In an interview last week, Richards said he operated on instinct.
“All I could think was these guys are probably going to shoot me. It just happened so fast. I just tried to get away.”
The officers on bicycles radioed for help. Soon Richards was being followed by two police cars.
The high-speed pursuit lasted for nine minutes on busy central Edmonton streets. According to the agreed statement of facts, speeds reached as high as 170 km/h.
Richards ended up in a Delton cul-de-sac where he collided with a motorhome and struck two cars before crashing through a fence and careening through a backyard and over children’s play equipment.
The court document states that only 20 minutes earlier, a toddler had been playing in the backyard.
Richards told CBC News that as a father of two, he’s “completely ashamed” of his actions that night.
“I told the judge that I did not feel right about what I had done there and that I was sorry,” Richards said. “Despite whatever the cops did to me after, I felt badly for the whole situation that took place there that day.”
‘Disproportionate, unnecessary and unreasonable use of force’
According to the agreed statement of facts, Const. Leachman deliberately hit Richards’s car to bring the pursuit to an end.
Judge Groves found that the canine officer released police dog Finn to attack Richards within seconds of his vehicle coming to a stop. She also determined it was done without warning and without telling Richards he was under arrest, both contrary to EPS policy.
“Based on my findings, the deployment of the police dog was premature and the kicks and punches inflicted on Richards upon being removed from the vehicle were gratuitous and meted out in retaliation for hitting one of their fellow officers,” Groves said in her written decision.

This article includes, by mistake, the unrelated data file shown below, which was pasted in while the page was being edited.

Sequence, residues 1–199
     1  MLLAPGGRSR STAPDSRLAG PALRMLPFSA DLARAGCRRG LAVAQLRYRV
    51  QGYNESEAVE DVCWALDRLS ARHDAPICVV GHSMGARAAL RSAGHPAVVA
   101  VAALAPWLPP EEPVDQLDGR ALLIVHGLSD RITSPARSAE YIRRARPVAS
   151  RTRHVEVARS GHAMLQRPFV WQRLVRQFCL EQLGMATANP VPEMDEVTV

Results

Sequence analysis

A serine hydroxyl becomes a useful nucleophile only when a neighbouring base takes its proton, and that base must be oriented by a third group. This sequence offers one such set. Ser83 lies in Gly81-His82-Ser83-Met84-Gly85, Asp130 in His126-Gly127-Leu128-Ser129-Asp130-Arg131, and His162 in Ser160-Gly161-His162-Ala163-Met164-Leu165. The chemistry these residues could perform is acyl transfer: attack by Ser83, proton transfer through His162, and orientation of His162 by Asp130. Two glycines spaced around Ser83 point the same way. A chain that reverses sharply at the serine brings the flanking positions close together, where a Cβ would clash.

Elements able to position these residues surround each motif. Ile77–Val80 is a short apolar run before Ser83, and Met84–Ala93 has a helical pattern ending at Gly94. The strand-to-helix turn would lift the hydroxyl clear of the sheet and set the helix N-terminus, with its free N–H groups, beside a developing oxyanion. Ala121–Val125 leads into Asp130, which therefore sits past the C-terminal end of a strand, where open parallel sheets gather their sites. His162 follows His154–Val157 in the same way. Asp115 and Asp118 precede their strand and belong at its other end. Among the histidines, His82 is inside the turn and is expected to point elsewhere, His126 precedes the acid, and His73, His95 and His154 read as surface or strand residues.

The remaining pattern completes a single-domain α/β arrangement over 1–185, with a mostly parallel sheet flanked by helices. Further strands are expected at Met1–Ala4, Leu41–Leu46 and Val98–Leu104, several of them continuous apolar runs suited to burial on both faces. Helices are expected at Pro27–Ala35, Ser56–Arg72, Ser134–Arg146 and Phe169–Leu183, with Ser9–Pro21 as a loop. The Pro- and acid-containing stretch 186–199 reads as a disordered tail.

She called the use of force “disproportionate, unnecessary and unreasonable” and said Richards’s charter rights had been violated.
Richards’s lawyer hopes the public will be shocked by the case.
“People should be shocked and surprised because we should not be tolerating it,” Lind said. “I don’t think we want to believe that police are causing this type of injury to persons. To be fair, most of them are not.”
Lind said she planned to ask the police chief to review the judge’s decision and consider laying assault charges against the officers who were involved in Richards’s arrest.
An EPS spokesperson said the case has already been thoroughly reviewed and investigators determined no disciplinary or criminal charges would be laid.
“The Alberta Crown Prosecution Service argued the responding police officers applied force appropriately in the face of a very dynamic and dangerous situation,” Cheryl Voordenhout wrote in an email.
“The court’s decision also notes [that] police officers have to make split-second decisions, with only the information that is immediately available to them.”
Asked if the case would be revisited in light of Judge Groves’s findings, Voordenhout replied that there were no plans to do so.
“There is no new evidence that would change the outcome of the investigation.”
As Richards attempts to put his life back together again, he said he’s left with a profound sense of unfairness.
“I don’t feel that police officers should be getting away with that,” Richards said. “We’re not fighting a UFC battle here. We’re trying to keep the streets safe.
“It takes away the whole purpose of policing if you hurt somebody.”